Sunday, December 10, 2017

The Weekly Update - Sunday, December 10th, 2017 - Unexpected Treasures

Photo of the box label

My usual FLGS has a big sale about this time of the year, basically to do inventory reduction, and they tend to offer pretty deep discounts on merchandise that has not been - shall we say? - 'a hot seller'. Normally, I stay away from the big shopping sprees because I don't like big and noisy crowds, but Fifth Daughter wanted to stop in and puck up her weekly ration of comic books. I browsed the back corners and the darker areas of the shelves, and came across two old boxes of plastic figures.

These are Wargames Factory 'Numidians', and are (I presume) no longer in production due to the excessively troubled history of the company. I tend to shy away from their products, firstly because I din't have any use for the vast majority of their product line, and secondly because the quality of their figures varies pretty wildly. I'd already gotten the very nice Victrix 'Numidians', so I wasn't all that willing to take a chance on these - unless the holiday sale discount could weaken my resolve, I wasn't going to get these.

I asked one of the store's people if I could neak a peek at what was in the box, and I would up grabbing both boxes on the spot. (Something like 56 figures, across both boxes.) Two things sold me on these: the castings actually looked pretty good - unlike the 'Republican Romans' from the same company, these had nice and crisp details - and the figures are a guy in a tunic. With a choice of arms, all with open hands.

Let me repeat that. A guy in a tunic, with open hands.

All of the weapons and accessories included in the box - and you get a heap of them, too! - are on separate sprues. So, these figures can be used for literally anything that I need for my games. Artillery crews, light infantry, palanquin bearers, townspeople, merchants, servants, family retainers, and that guy who pushes a broom around the hallways of the temple complex.

Here are some reviews, if you like:

I should also mention that there aer enough spare arms in this set to fix the Republcan Romans set that the store was nice enough to sell me after we found out that none of the right arm sprues had been packed in that set; so, these sets are even more useful, as far as I'm concerned. (The WF Romans are still 'mushy', in terms of their detail, but this is going to be better then just tossing them in the trash.)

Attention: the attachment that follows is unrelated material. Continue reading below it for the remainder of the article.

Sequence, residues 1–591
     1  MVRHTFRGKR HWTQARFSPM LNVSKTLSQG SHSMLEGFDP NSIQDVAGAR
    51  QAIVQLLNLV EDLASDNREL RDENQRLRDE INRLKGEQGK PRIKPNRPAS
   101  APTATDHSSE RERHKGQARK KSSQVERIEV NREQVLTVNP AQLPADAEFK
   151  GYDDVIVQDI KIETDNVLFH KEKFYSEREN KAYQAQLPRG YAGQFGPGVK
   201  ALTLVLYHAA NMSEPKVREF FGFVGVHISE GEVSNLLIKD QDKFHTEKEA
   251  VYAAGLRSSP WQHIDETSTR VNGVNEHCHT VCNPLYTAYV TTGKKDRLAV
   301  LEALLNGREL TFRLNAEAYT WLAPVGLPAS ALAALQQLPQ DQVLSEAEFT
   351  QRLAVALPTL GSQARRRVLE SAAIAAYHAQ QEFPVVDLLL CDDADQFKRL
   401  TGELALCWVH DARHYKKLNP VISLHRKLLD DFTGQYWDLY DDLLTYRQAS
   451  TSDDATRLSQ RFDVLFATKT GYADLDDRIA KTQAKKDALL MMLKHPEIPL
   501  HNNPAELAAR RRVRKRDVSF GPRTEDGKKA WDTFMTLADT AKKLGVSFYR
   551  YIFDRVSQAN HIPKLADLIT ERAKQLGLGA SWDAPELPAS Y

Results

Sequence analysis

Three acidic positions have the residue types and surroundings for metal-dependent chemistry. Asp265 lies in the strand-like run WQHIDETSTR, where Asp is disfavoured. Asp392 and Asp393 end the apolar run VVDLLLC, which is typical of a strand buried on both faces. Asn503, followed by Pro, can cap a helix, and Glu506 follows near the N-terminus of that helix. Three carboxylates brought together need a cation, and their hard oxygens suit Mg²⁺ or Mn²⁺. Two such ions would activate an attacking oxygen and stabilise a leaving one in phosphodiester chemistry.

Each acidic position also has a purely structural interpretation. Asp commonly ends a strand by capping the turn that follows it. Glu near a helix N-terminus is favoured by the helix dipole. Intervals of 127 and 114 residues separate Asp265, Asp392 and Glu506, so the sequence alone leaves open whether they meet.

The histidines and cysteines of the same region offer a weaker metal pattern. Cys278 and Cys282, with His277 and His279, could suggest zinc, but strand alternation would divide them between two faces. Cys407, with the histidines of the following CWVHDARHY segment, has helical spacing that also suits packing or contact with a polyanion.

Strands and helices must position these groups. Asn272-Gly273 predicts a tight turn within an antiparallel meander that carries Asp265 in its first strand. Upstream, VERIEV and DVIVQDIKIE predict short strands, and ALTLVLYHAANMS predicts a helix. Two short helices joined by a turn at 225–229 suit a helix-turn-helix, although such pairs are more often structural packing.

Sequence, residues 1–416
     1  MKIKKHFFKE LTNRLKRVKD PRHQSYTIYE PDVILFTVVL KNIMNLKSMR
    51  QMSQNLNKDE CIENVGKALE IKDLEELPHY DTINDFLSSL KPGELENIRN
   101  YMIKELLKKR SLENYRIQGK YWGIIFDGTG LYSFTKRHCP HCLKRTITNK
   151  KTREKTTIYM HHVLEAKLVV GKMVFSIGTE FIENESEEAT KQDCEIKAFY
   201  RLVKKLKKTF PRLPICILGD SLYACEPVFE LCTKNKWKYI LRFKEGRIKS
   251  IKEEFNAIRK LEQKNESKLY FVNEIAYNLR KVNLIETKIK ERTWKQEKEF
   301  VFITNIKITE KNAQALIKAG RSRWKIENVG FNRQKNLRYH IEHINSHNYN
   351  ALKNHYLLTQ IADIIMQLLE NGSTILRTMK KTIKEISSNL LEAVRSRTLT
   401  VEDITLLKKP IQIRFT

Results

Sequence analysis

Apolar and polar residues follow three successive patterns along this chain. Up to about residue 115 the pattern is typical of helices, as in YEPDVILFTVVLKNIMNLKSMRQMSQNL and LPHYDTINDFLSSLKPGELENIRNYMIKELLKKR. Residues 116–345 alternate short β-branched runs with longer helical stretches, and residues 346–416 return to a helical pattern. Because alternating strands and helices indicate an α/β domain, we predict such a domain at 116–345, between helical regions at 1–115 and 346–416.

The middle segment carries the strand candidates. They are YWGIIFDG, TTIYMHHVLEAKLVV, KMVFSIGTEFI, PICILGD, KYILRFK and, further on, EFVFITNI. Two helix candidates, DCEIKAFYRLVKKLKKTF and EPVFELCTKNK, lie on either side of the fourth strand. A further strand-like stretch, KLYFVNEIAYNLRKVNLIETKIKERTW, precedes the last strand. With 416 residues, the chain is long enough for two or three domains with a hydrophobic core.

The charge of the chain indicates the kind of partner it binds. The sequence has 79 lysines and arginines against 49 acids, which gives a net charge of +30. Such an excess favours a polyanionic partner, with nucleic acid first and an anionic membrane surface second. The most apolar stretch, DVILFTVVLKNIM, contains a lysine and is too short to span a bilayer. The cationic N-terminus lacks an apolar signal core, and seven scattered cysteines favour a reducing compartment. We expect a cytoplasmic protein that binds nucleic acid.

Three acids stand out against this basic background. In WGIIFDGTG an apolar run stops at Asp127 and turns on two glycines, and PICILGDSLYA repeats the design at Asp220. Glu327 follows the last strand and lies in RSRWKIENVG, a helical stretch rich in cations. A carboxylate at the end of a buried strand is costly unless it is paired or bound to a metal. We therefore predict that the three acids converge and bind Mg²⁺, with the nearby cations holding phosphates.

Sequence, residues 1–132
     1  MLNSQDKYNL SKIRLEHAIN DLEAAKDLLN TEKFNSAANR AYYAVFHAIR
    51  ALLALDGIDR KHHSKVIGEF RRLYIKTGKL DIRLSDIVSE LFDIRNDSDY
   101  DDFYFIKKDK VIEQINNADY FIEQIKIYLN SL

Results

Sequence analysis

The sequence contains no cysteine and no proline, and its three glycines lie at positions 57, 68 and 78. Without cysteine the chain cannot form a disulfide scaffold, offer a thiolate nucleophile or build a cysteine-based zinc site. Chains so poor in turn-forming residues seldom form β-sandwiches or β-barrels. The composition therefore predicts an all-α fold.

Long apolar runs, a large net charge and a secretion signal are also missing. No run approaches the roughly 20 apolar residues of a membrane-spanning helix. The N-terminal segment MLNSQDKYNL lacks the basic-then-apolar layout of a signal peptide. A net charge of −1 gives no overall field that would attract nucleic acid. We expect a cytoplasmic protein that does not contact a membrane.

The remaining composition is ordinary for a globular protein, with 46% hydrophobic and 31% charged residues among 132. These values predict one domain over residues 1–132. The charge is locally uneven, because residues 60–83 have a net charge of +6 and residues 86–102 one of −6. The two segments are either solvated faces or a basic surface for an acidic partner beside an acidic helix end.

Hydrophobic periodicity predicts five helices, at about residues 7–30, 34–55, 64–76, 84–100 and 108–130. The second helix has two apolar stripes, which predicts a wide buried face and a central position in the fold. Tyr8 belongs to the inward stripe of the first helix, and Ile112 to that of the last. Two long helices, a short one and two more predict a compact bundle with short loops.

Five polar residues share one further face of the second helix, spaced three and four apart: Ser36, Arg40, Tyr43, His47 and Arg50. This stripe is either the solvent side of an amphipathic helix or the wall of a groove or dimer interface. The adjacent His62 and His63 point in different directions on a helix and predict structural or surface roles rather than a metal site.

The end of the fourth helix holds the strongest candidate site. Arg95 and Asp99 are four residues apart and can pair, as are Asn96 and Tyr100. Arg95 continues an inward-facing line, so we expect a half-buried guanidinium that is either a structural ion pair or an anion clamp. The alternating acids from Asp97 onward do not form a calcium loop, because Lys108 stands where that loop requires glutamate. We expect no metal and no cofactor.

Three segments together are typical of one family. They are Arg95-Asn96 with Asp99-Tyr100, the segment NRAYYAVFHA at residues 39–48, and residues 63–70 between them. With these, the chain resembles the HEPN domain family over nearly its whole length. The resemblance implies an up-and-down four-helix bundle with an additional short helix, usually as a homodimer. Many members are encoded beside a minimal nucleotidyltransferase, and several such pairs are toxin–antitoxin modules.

Back in the day, both Phil and I used to go through piles and piles of John McEwan's very handy generic male and female figures; we were using them for all sorts of things like galley rowers, moving crews, and the like. (I went through fifty of them doing the rowers for the little dispatch galley I made for Phil out of a Heller kit, back in about 1982.) I love to get figures like this; most miniatures companies tend to shy away from them, as these kinds of figures don't have any real use in 'classically serious' wargames - you usually don't need a dozen Ancient Egyptian trumpet-blowers and fan-bearers on the game table, unless (like me) tou like doing parties at the palace or the triumphal entry of the player-characters after their latest victory. (See also Verdi's "Aida".)

As I've noted in these pages, you can get these sorts of figures from Mike Burns at Dark Fable, and Howard Fielding's Tekumel Project also has figures that do very nicely for my kind of games - priests and priestesses, for starters. You can also find useful figures in the Crocodile Games ranges; Foundry also used to have a lot of miniatures like this in their historical ranges, but I don't know if any of them are still available. I have a batch of treasured 'Macedonian Characters', which are guys in tunics with straw hats:

These lads have been in a great many games, mostly as those much-put-upon-fishermen who are always being 'persuaded' by the players to take them someplace in their boats. Foundry figures are hard - if not impossible - to get locally, so mail-order is probably the only way to go if you're in the US. Ral Partha also used to have a lot of these sorts of figures in their historical lines; I have a batch of trumpeters and fan-bearer for those 'sword and sandal' epics I love to put on. And, they are still available, too:

Miniatures like all of these are inspirations for adventures; both Phil and I used to come up with scenarios for wargames and adventures for RPGs based on some miniature we'd found in some obscure corner of the hobby - and I still find that kind of inspiration, as with these unexpected treasures from the back of the shelf...


  1. I've always been a huge fan of getting my inspiration from the miniatures and building whole scenarios around them. Plus, it can be pretty straightforward and first-degree sometimes. If you tell me, "Fifty-six guys in tunics with open hands are approaching the city," -- well, my curiosity is piqued already. There's an entire (and possibly complex) story right there.

    Happy Birthday Chirine! (a little bit late, sorry) ūüéāūüėĀ

    1. Agreed!!! Quite often, when I see a miniature, an adventure just spins itself out right there. And, for me at least, that's a big part of the fun in gaming.

      And thank you, too! :)